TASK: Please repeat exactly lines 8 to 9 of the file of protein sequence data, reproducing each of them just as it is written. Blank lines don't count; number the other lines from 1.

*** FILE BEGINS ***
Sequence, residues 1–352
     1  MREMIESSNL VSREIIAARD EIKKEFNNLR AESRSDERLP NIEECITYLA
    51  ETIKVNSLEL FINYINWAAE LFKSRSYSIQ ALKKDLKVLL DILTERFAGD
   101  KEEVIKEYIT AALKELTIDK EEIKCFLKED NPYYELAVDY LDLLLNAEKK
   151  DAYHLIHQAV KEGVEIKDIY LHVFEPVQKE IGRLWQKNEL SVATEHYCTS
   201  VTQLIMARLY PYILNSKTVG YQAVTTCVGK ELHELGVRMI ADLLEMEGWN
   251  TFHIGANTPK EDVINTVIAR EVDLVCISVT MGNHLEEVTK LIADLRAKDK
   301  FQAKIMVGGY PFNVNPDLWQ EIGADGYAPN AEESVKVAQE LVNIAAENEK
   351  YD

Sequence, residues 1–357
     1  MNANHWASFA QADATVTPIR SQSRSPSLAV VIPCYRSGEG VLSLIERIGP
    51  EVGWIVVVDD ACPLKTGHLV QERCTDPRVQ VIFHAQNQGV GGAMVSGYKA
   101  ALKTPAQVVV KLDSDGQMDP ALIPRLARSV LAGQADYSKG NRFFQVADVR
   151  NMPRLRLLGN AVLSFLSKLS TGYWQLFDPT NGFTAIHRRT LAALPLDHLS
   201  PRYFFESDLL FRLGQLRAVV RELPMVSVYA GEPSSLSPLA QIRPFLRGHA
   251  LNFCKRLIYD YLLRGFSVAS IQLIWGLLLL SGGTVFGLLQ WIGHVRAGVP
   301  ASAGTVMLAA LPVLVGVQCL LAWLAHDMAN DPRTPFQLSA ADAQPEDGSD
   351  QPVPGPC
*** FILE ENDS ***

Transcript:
   301  FQAKIMVGGY PFNVNPDLWQ EIGADGYAPN AEESVKVAQE LVNIAAENEK
   351  YD